To make the Protocol effective, countries have banned the export and import of controlled substances with countries that are not Parties to the Protocol. Secondly, the trade ban would extend to products containing a controlled substance and, thirdly, to products manufactured with those substances. The latter has been removed from the agenda. During the negotiations, countries feared that these provisions would violate the General Agreement on Tariffs and Trade (GATT). To address these concerns, paragraph 8 of Article 4 allows trade with countries that are not Parties but comply with the Protocol, although this requires the Parties to decide that the non-Party complies with the rules. The Vienna Convention and the Montreal Protocol have each been ratified by 196 nations and the European Union, making them the first universally ratified treaties in the history of the United Nations.  Because of its widespread adoption and implementation, the Montreal Protocol has been hailed as an example of exceptional international cooperation, with Kofi Annan calling it “perhaps the most successful international agreement to date.”   The Montreal Protocol on Substances that Deplete the Ozone Layer aimed to ban the global production and use of ozone-depleting chemicals, including CFCs, HCFCs and halons. From the beginning, the negotiation relied heavily on leadership and innovative approaches. Many negotiations were conducted in small informal groups. This allowed for a genuine exchange of views and the opportunity to address some issues of trust, such as. B the further development of the Multilateral Fund. Among the people who negotiated the treaty were scientists, which gave credibility. Antarctica`s ozone hole gained momentum in the 1990s and the first decade of the 21st century.
The ozone layer over the Arctic has also thinned, but not as pronounced as over Antarctica. Despite these results, most scientists say that the ozone layer will eventually recover. They note that the success of the contract is solely responsible for the significant decrease in the ODC available for release into the atmosphere. However, due to natural variability, signs of recovery may not become visible until about 2020. According to the World Meteorological Organization and UNEP, full recovery of the ozone layer is not expected until 2049 at mid-latitudes and 2065 over Antarctica. Pending changes in the scientific evidence on the ozone layer and the emergence of new problems in the implementation of the Protocol, negotiators have included several provisions aimed at creating flexibility. The first concerns technology and economic assessment bodies which regularly carry out expert assessments. The second concerns the differentiated procedures for modifying the obligations to control substances, through adaptations and modifications. In the adaptation process, parties can adjust targets and timelines for phasing out chemicals that are already listed without having to go through a formal change process. The adjustments shall take effect six months after receipt of the notice of formal notice by the Parties and shall be binding on all countries that are Parties to the Protocol. A formal amendment is needed to add new chemicals to the list of controlled substances. Unlike the adaptation process, changes are binding only on countries that ratify them.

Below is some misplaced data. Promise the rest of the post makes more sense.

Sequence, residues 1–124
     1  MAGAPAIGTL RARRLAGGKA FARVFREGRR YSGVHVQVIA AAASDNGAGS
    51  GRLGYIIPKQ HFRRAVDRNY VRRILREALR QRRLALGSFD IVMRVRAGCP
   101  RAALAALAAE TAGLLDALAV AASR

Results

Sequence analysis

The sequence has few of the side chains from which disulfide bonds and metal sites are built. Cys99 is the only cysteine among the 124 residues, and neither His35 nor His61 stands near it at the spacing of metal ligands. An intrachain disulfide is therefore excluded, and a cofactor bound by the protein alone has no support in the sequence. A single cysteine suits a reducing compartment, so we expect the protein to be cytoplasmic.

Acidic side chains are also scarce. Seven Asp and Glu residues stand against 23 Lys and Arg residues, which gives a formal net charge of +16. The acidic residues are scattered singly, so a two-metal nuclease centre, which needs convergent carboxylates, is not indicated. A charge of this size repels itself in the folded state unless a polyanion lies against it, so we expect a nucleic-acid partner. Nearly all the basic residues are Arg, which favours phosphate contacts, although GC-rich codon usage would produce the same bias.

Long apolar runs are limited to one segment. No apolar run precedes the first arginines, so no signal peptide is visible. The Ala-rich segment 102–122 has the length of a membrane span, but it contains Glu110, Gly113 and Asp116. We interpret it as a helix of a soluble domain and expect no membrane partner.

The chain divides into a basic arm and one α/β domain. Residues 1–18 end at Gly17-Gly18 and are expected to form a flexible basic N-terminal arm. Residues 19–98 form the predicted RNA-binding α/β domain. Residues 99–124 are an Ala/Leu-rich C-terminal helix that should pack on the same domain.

As a result, different States are bound by different obligations. Countries that accede to the agreement after the entry into force of an amendment will assume the commitments from that date, but will have to ratify any future amendment so that it can bind it. Within 25 years of signing, the MP`s parties celebrate important milestones. Significantly, the world has phased out 98 per cent of the ozone-depleting substances contained in nearly 100 hazardous chemicals worldwide; Each country fulfils strict obligations; and the member obtained the status of the world`s first regime with universal ratification; even the youngest member state, South Sudan, which was ratified in 2013. UNEP has received awards for reaching a global consensus that “demonstrates the world`s commitment to ozone conservation and, more broadly, to the protection of the global environment.”  September 16 is World Ozone Day, marking the anniversary of the signing of the Montreal Protocol on Substances that Deplete the Ozone Layer, the historic international agreement focused on healing the ozone layer and protecting our planet from harmful ultraviolet (UV) rays. To learn more about World Zozon Day and the history of the Montreal Protocol and its implementation in the United States, check out this report. Given all these factors and more, the Montreal Protocol is considered one of the most successful environmental agreements of all time. What the Parties to the Protocol have accomplished since 1987 is unprecedented and continues to provide an inspiring example of what international cooperation can achieve at its best. One of the most important innovations of the protocol is the process of dealing with non-compliance issues. The Parties established an Implementation Committee to review the Parties` annual reports and developed a set of measures that could be applied in cases of non-compliance, including technical assistance to enable the country to comply with the rules. This precedent has been widely followed in other environmental agreements, such as the UNECE Convention on Long-range Transboundary Air Pollution and its Protocols, the United Nations Convention on Access to Information, Public Participation in Decision-making and Access to Justice in Environmental Matters, and the Kyoto Protocol to the United Nations Framework Convention on Climate Change.
The Montreal Protocol, concluded in 1987, is a global agreement to protect the stratospheric ozone layer by phasing out the production and consumption of ozone-depleting substances (ODS). .